One cannot welcome warmly enough the publication of this book. Not only does it contain the first modern edition of three highly important fourteenth-century contributions to the history of economic thought (the first--and only--printed edition is from 1630 and not easily available), it has an excellent English translation that makes the Latin text accessible to a broader readership than just the select few who knows how to read scholastic treatises with their often complex structures of argument and syntax. It is to be commended that the translator has opted to retain these features and thus the flavour of the original--including its origin in oral disputation and its rhetorical norms--despite the text being "unusually repetitive and long-winded, even by scholastic standards" (35).
The book contains a general index as well as an index of citations, and a thorough and well-written instruction that places the works of Gerard of Siena in context--not only in his own time, but even in regard to recent economic thought in the wake of the financial crisis. Characteristically, the book opens with three significant quotations: one by Avitus, one by Dante, and a particularly apt passage from Karl Marx's Das Kapital, which highlights how much the latter was influenced by a tradition of moral economics that was essentially medieval and scholastic. The resurfaced debate on the ethics of finance has given rise to a renewed interest in the history of economic thought, particularly concerning credit. The question regarding usurious practices and the ecclesiastical ban on usura might seem completely redundant today, where interest has become the norm in almost all economic exchange. Yet, as the editor contends, rightly, I think, engaging with these premodern discussions might lend new perspectives to the current debate.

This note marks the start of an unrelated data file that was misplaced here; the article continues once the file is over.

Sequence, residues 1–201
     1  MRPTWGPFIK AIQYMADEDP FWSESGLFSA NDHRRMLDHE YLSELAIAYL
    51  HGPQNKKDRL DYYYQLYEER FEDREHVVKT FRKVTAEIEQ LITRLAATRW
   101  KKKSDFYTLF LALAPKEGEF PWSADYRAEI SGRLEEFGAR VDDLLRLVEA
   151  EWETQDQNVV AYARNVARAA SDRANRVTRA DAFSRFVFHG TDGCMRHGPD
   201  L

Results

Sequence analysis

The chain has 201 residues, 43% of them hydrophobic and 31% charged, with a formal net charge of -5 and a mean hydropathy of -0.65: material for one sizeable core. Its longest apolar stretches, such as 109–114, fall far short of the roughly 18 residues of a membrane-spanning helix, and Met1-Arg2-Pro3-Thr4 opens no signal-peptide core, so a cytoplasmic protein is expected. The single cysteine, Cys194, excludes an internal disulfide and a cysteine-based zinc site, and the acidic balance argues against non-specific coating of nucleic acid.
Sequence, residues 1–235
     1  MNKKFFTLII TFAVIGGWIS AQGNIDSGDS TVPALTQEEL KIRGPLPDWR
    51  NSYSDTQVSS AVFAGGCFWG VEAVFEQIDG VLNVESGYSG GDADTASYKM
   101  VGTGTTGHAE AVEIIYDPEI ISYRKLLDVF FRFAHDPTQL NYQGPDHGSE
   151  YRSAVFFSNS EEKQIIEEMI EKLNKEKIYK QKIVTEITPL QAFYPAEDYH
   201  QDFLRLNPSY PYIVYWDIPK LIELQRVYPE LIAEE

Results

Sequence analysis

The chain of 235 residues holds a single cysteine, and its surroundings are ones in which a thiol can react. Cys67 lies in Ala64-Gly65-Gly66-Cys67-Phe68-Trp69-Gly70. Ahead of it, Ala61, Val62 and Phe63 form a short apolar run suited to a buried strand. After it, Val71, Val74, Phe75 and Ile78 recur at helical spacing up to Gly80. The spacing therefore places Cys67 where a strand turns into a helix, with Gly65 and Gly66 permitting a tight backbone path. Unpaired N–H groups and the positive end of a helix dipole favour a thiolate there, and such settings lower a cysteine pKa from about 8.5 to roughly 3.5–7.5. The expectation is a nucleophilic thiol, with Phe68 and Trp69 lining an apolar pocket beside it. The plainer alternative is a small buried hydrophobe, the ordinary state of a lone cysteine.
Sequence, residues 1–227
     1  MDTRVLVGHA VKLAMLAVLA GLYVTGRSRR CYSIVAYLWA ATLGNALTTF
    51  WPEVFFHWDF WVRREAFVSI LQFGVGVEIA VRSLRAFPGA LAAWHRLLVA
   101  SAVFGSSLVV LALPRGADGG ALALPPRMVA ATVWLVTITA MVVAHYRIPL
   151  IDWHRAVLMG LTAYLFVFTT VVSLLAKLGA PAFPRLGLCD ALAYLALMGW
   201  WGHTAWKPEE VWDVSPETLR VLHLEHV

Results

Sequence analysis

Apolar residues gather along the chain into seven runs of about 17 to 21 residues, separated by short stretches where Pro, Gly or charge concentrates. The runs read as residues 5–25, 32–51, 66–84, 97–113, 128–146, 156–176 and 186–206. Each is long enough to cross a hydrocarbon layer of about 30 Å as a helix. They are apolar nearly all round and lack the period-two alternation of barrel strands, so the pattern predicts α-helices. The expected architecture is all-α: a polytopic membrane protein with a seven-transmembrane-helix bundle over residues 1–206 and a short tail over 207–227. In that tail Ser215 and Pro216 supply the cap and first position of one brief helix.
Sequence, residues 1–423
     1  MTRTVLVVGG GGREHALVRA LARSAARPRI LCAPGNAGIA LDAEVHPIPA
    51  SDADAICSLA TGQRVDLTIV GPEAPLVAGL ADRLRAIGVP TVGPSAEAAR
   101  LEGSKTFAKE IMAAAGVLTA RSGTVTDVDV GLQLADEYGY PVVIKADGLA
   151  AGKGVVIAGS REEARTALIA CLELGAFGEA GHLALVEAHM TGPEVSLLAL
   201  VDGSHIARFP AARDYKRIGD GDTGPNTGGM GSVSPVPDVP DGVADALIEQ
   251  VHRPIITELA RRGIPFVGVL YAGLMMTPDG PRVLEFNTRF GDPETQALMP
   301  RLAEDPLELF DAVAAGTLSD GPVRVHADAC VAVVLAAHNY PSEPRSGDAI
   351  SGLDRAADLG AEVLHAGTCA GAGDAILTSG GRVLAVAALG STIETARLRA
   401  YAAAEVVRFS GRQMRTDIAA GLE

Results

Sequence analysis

Not much is known about the biography of the author, Gerard of Siena (died c. 1336). He was probably Sienese, and may have studied law at Bologna before relocating to the University of Paris; at some point he joined the Augustinian friars, became a master of Theology in 1329/30, lectured at the University of Paris, and wrote a popular commentary on Peter Lombard's Sentences. At some point before his death, he returned to Italy to teach at Bologna and Siena. In the general history of medieval economic philosophy, Gerard has been standing in the shadow of currently more well-known scholastic economic thinkers, such as Thomas Aquinas (c. 1225-1274), Jean Buridan (c. 1295-c. 1358), Nicole Oresme (c. 1320-1382), and Bernardino of Siena (1380-1444).
Yet his natural law argument against unnatural economic practices became immensely influential, particularly when it was embedded by the most eminent canonist of his day, Giovanni d'Andrea (Iohannes Andreae) in his Quaestiones mercuriales and from there, adopted by subsequent thinkers until into the sixteenth century (5). The book contains Gerard's three interlocked quodlibetal questions on the morality of certain types of economic contract and exchange, which seem to have been disputed together as a group, and later edited by Gerard for publication as interconnected treatises. The scarcity of surviving manuscripts (three--of which only one contains all three questions/treatises) should not lead us to the conclusion that Gerard's work exercised no influence. On the contrary: as the editor contends (33) it was precisely its verbatim inclusion in Giovanni d'Andrea´s great popularizing work that made Gerard's original version redundant.